Retirement for Doctors


Retirement for Doctors

According to a study by Fidelity Investments, the bad news is that many physicians are saving little to nothing.

  • 60% of female doctors are not making the maximum contributions to their retirement plan
  • 45% of male physicians are also not maxing out their retirement.

Each day you get closer to retirement, the doubt in your mind gets louder which can help lead to physician burnout.

The good news is, at WealthCare we have financial planners that provide a wide array of retirement strategies specific to each individual that can help lead you to early retirement. As a primary care physician working at a small medical practice or a self-employed anesthesiologist you might not have access to a traditional retirement plan.

We answer questions such as:

  • Will I have enough saved to live comfortably in retirement?
  • Am I on the right track?
  • Do I need disability insurance?
  • Should I invest my money in a taxable account or real estate?
  • What will I do if my health declines?
  • As a retired physician do I need Medicare?

These questions are determined based on your specific situation to help hang up that white coat of yours.

Retirement Strategies Available to Physicians and Dentists

physicians retire between the ages of 60 and 65 with only 12% retiring before 60. Some of the strategies we offer include:

Wealth Accumulation Strategies

They are designed to ensure regular access to finances that can ensure stability.

  • Maximize contributions in a 401(k), 403(b), or Solo 401(k)
  • Invest in tax qualified accounts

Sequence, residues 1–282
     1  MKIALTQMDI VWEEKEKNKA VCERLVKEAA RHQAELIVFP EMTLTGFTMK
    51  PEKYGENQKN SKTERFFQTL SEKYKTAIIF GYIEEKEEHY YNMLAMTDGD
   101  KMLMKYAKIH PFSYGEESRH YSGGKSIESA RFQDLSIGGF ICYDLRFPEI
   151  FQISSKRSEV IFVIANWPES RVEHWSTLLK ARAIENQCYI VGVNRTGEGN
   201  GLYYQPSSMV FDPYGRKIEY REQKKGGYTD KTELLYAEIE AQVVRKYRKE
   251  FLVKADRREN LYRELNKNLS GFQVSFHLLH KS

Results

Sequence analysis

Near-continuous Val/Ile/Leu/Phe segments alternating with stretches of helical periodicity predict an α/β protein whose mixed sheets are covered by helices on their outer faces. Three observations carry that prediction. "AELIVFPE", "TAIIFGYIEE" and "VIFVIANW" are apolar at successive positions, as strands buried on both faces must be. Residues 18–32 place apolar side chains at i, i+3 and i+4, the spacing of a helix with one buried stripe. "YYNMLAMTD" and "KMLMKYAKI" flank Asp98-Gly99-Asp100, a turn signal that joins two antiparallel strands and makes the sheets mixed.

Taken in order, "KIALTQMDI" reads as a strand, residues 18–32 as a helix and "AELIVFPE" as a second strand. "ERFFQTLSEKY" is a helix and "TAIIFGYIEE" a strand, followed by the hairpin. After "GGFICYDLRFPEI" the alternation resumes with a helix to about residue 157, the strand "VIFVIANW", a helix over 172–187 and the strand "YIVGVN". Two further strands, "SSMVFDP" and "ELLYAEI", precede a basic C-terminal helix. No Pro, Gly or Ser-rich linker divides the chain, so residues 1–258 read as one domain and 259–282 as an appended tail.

• Preserve the Nest Egg
  • Liquid Brokerage account
  • Know investment risks
  • Access to an experienced tax planner to potentially lower your tax rate
Fully Insured Pension Plan

These are systematic payments that are put in place to ensure that you can access certain products after retiring without extra costs.

  • Maximize Social Security
  • Review your employer’s pension
  • Create your own pension with a portion of your assets
  • Utilize the rule of 59 ½ to protect your 401k/IRA to create a guaranteed income stream for life (in-service withdrawal)
  • Annuities with lifetime income riders
Retirement-based strategies

If you are about to retire, there are certain things to put into consideration to ensure you retire comfortably.  These recommended strategies include:

  • Risk tolerance and asset allocation
  • Take note of retirement fund fees
  • Invest in ETFs, Index Funds, DST/REITs, Bond funds
  • Developing a distribution strategy for your assets in retirement

To maximize physician retirement income, you need to know the importance of the accumulation and distribution of your assets.

Whether you are a pediatric, family physician, or any other specialty we can assist you in accessing the appropriate retirement strategies for YOU. Planning for a retirement age that suits you is critical in ensuring you are able to retire early.

What are my options as a self-employed Physician or Dentist?